Samsung launches the first-ever smartphone with a quantum cryptography chip

Samsung and Korean mobile operator SK Telecom have launched the world’s first-ever smartphone capable of enables quantum cryptography. The Samsung Galaxy Quantum A Quantum (based on the Galaxy A71 5G) uses ID Quantique’s IDQ250C2 Quantum Random Number Generator, which is the first quantum cryptography chip designed for mobile handsets, IoT, and other portable devices.

The chip increases security by using quantum noise to generate random numbers, which are required to generate cryptographic keys used to secure data exchange between devices. According to SK Telecom, the use of a quantum random number generator will allow apps to generate ‘true’ quantum numbers, (most commonly used methods turn out what are commonly referred to as pseudo-random numbers), that ‘cannot be hacked’.

True random versus pseudo-random numbers

Just how are ID Quantique’s chips able to generate true random numbers? That’s all thanks to the use of an LED that generates a random number of photons due to quantum noise. These are detected by an image sensor, which can then turn these into ‘true’ random numbers that cannot be guessed. Pseudo-random number generators, on the other hand use a ‘seed’ value and a set of algorithms to come up with results that may appear random, but are not in the truest sense of the word. Using quantum noise is one way of building a true random number generator – other concepts rely on other ‘noisy’ phenomena, such as radioactive decay, atmospheric noise, or even the way you move a mouse around on your laptop.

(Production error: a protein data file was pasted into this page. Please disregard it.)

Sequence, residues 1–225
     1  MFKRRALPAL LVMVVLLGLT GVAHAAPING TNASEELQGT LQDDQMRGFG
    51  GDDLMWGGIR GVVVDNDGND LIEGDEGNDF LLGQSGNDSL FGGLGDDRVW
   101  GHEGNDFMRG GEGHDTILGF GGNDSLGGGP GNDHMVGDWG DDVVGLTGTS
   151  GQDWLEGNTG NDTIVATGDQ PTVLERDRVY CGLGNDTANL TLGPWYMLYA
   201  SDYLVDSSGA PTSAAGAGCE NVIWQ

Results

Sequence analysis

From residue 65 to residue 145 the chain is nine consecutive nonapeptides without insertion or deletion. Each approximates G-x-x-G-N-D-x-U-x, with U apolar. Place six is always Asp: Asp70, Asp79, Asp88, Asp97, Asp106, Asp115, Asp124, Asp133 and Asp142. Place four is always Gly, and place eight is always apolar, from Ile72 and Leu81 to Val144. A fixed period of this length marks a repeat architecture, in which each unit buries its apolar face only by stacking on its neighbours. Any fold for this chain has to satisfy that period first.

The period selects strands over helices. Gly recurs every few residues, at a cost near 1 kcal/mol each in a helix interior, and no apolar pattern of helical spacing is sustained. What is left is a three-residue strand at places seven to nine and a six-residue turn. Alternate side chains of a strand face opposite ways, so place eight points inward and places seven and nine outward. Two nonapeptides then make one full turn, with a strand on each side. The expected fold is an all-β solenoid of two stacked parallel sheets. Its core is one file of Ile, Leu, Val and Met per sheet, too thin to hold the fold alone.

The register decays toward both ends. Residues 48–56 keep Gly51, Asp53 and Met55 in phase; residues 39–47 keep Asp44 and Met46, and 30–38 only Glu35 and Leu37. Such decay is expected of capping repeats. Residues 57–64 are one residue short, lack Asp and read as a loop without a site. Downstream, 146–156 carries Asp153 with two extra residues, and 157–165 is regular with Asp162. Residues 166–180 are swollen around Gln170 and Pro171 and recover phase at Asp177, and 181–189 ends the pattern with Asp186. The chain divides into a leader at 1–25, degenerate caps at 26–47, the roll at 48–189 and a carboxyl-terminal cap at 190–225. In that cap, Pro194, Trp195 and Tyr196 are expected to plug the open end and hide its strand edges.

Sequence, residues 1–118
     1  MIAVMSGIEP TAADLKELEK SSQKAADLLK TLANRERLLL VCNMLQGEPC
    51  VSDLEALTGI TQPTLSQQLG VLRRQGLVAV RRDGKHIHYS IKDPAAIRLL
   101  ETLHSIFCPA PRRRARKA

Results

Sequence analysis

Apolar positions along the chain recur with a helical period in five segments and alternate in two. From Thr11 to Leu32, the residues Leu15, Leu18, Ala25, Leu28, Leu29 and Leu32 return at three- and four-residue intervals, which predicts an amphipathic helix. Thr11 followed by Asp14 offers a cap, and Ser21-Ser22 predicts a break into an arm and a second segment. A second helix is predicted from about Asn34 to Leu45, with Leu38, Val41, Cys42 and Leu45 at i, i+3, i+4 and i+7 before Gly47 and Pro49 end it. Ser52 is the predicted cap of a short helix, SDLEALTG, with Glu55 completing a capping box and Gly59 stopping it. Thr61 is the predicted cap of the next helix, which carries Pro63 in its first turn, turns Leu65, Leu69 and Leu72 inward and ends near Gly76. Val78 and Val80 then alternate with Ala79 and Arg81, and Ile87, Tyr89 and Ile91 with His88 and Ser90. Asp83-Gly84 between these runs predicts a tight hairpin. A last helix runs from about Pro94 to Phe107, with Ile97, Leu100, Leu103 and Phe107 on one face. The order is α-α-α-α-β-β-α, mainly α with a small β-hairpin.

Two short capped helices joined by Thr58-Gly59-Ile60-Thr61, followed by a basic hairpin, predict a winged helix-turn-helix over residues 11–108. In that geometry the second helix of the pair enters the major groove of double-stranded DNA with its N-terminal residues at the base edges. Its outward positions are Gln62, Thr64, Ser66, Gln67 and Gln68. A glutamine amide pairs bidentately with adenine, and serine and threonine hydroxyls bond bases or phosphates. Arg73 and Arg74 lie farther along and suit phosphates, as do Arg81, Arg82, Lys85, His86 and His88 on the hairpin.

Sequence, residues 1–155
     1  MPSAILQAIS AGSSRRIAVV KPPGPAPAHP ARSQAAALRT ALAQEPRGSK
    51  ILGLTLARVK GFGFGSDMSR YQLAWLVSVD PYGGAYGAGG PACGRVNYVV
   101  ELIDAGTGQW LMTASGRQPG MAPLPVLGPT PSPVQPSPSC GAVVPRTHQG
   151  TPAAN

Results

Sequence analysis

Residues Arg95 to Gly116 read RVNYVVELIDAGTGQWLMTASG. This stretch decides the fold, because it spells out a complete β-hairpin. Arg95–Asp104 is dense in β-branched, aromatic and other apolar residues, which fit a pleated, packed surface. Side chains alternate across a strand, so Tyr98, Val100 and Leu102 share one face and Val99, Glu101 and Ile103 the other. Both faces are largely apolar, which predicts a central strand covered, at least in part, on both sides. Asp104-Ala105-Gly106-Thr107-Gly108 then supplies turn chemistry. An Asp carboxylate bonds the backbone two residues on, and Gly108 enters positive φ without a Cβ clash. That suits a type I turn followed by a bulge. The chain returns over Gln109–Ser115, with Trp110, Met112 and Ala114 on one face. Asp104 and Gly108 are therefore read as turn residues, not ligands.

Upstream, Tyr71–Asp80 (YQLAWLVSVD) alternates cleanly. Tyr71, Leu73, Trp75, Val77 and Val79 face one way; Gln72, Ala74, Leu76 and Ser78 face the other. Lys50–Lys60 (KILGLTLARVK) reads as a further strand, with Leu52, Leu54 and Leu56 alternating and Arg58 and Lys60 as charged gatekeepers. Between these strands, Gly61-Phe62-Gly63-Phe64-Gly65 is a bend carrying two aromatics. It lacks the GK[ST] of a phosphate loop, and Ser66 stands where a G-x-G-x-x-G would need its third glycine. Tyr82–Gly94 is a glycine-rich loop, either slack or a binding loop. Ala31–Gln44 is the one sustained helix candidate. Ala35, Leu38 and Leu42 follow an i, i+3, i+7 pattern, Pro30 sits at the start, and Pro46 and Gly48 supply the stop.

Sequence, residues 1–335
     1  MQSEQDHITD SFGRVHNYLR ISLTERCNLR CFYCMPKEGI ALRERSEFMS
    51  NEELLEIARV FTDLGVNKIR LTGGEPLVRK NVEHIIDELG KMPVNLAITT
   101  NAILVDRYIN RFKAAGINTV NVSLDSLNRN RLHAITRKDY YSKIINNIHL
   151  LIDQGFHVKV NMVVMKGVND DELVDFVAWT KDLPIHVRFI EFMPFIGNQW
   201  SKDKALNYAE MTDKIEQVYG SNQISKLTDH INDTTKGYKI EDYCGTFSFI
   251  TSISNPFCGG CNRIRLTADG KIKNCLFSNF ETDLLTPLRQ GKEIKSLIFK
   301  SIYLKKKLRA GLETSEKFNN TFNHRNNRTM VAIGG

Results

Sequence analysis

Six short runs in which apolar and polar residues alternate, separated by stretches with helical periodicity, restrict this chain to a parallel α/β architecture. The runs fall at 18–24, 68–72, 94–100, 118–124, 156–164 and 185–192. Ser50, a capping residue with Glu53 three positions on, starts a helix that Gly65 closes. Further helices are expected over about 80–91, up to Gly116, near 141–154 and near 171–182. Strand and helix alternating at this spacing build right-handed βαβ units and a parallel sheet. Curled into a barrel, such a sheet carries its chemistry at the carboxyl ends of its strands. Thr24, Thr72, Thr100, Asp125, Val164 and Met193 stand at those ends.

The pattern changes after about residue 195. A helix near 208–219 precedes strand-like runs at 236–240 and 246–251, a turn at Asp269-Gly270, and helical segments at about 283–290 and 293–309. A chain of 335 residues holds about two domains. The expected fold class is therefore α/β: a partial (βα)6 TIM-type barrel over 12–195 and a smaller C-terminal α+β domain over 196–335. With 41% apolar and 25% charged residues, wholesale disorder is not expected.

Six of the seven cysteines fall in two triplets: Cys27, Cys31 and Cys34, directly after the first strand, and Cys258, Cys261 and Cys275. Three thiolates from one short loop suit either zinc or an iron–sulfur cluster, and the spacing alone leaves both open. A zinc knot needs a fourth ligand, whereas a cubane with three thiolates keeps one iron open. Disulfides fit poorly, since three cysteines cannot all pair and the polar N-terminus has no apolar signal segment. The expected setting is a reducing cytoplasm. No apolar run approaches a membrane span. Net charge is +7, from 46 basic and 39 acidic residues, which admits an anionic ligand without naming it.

How will SK Telecom use this quantum cryptography chip?

According to SK Telecom, they will be adding a quantum one-time password to safeguard login to their online accounts, and to secure the SK Pay mobile payments app. SK Telecom will also offer a secure wallet app designed to store personal data, including IDs and certificates, and there are plans to open up access to third-party developers who can then use this to offer more secure apps and services.

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